Friday, May 25, 2018

Winter Redpoll

Original Oil on Panel, 4 x 4 inches

The day before more than a foot of snow fell on April 15th, a flock of Redpolls visited my feeder. These soft, fluffy birds congregate in the dozens and sometimes hundreds, when visiting. Alongside the Common Redpolls was a lovely Hoary Redpoll, perhaps a painting for a later date. Just a week later, 30-50 Dark-eyed Juncos flew in and stayed for a few days. Redpolls, which dip down into the northern United States from Canada in the wintertime, are lovely little birds whose presence I don't take for granted, especially because if I lived in the south, I'd never see them.

Thursday, May 17, 2018


Original Oil on Panel, 4 x 4 inches

This is the rarest bird I’ve seen, an Ivory Gull. It’s a migratory bird that lives in the Arctic and breeds only in the Arctic Atlantic sector. The American Birding Association (ABA) considers it a Code 3 bird, which means it’s a rare bird in my neck of the woods. Specifically, Code 3 birds occur in very low numbers, but annually, in an area essentially encompassing North America north of Mexico. The ABA’s classification system ranges from Codes 1-6, with the latter indicating birds which cannot be found, are extinct, or are found only in captivity.

The bird paintings I’ve done, except for this one, have been either Code 1 or Code 2 birds, i.e. fairly common. To put Code 3 birds in perspective, birders in the midst of their big year, trying to find the most species of birds in a certain geographical area will, in all likelihood, immediately stop whatever they’re doing, hop on a plane, or drive many hours, to add a Code 3 bird to their year’s list. Extremely passionate birders will do the same, because rare really means rare.

Luck was responsible for my sighting. This bird visited Duluth, MN, early January 2016. News had gotten out of its presence in Canal Park, flying amongst other gulls, along Lake Superior’s shoreline. There were plenty of bird enthusiasts around, making the bird easy to spot simply by watching where the photographers were aiming their lenses. Unfortunately, this bird was found dead days later, and the cause of death remains a mystery.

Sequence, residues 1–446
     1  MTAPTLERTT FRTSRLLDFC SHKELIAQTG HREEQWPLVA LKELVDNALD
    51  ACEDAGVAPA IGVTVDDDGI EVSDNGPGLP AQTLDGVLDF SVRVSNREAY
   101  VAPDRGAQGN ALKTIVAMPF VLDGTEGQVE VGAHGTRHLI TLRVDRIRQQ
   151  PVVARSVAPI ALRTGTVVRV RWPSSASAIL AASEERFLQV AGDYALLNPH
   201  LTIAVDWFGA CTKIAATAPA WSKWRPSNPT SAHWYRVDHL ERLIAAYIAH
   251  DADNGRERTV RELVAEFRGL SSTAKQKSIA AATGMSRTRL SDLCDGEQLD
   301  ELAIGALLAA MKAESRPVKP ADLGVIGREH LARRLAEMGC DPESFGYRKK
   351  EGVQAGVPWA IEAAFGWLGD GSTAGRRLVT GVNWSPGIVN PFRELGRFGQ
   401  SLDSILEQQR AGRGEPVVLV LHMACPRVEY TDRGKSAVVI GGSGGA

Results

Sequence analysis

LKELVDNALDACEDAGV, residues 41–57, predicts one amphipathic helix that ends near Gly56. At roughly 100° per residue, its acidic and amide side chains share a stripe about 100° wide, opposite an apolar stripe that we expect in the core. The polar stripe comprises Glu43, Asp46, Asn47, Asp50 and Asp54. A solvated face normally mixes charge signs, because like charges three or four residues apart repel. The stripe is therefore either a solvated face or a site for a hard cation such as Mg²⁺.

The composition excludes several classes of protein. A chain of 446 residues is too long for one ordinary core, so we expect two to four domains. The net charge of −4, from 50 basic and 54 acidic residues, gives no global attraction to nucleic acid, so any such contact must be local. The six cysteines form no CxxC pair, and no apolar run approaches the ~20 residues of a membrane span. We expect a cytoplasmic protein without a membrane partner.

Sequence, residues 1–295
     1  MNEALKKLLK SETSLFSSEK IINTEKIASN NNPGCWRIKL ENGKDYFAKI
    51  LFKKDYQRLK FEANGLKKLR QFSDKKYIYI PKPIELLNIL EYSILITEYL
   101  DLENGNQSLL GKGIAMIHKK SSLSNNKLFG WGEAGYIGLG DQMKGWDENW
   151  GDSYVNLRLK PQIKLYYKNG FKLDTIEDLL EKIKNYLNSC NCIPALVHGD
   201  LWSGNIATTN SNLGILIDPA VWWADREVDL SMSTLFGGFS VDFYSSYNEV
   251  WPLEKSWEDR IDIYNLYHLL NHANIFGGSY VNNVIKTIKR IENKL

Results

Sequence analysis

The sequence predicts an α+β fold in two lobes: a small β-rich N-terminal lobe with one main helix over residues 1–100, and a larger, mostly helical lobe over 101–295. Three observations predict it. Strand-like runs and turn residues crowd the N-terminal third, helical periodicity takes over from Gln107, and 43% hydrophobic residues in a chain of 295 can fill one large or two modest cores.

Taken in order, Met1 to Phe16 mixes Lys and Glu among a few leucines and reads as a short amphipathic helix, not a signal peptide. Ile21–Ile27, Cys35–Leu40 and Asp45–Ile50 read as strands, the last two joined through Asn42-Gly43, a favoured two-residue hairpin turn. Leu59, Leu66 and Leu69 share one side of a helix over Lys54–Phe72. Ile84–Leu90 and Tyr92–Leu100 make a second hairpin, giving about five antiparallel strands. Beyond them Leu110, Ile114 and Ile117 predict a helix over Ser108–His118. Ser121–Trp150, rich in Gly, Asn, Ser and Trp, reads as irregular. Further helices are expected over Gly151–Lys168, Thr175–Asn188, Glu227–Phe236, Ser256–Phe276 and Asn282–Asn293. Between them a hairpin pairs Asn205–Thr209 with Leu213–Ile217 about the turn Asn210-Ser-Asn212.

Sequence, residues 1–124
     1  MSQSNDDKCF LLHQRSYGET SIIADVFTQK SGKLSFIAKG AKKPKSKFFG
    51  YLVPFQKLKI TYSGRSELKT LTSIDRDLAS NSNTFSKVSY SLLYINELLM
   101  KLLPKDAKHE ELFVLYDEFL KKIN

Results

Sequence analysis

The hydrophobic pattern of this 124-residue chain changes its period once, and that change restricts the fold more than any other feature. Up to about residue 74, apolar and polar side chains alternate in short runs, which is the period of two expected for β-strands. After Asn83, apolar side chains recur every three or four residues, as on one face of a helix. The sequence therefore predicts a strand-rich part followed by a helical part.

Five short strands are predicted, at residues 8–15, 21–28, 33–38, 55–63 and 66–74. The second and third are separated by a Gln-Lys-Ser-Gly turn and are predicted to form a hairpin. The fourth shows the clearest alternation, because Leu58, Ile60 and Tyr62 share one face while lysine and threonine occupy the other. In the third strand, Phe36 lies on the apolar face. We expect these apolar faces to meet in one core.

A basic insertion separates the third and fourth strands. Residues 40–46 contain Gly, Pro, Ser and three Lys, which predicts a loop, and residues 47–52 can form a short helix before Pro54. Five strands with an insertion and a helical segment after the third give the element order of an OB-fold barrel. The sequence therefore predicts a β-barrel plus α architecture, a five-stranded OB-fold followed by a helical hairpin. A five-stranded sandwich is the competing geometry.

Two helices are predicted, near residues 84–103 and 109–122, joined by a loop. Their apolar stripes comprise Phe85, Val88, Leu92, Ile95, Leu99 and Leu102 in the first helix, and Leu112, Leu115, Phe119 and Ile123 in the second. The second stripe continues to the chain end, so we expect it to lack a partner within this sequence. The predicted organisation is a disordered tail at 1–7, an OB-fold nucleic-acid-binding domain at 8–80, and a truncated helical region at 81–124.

A year later, another Ivory Gull was spotted March 9, 2017, in Flint, MI. It, too, allowed birders a rare opportunity to see it, but also died within days. Unlike Duluth’s Ivory Gull, this one was sufficiently intact for necropsy results to be performed by the University of Michigan’s Museum of Zoology. “The final diagnoses were: West Nile Virus; Renal Tubular Degeneration; Renal Tubular Mineralization; Pulmonary Congestion, Pulmonary Edema, and Malnutrition (Reported),” (Petoskey Audubon, 2017).

The International Union for Conservation of Nature and Natural Resources (IUCN) lists the Ivory Gull as near threatened. Its current population trend is decreasing with possible reasons being “climate change, pollution, and increasing human intrusion or hunting within breeding areas” (IUCN, 2018).

I may never see another Code 3 bird again. It takes one to be observant in the first place to simply recognize these rare birds within our midst, so I’m grateful to the person who first saw the Ivory Gull in Duluth, and told others, whoever that was. So, keep your eyes and ears open. There may be a Code 3 bird near you. 


American Birding Association. n.d. Checklist Codes. Retrieved from

Petoskey Audubon [Washtenaw Audubon]. (2017, August 29). Update on Ivory Gull. [Facebook status update]. Retrieved from

The IUCN Red List of Threatened Species. Version 2017-3. Retrieved May 17, 2018 from

Friday, May 11, 2018

Fryderyk II

Original Oil on Panel, 4 x 4 inches

This is the second painting I've done of this bird, a Ruddy Turnstone. The first one was completed in 2013. Both paintings were chosen because I felt this bird had swagger. There are birds that I have marked for paintings that go back years, some of which I will never get to before I die.

Tuesday, May 1, 2018

Little Big Show Opens Friday!

2018 Little Big Show
MacRostie Art Center
405 NW 1st Ave., Grand Rapids, MN 55744
Opening Reception:
Friday, May 4, 4-7 pm
Exhibition Dates: May 4 - 26, 2018

Come to the show! My painting of a Western Willet will be in MacRostie's 11th Annual Miniatures Exhibition. This is my fourth year exhibiting in the show, and those that are familiar with my work know I love miniatures. I'm grateful for shows like this. All works are under one square foot in size. Don't miss out!

In addition to the Miniature Exhibition, several of my new works will be on display for the first time ever in the general gallery area of MacRostie. So if you browse, you'll see more of my work available throughout spring/summer. Please visit when you get a chance. Your support is welcome.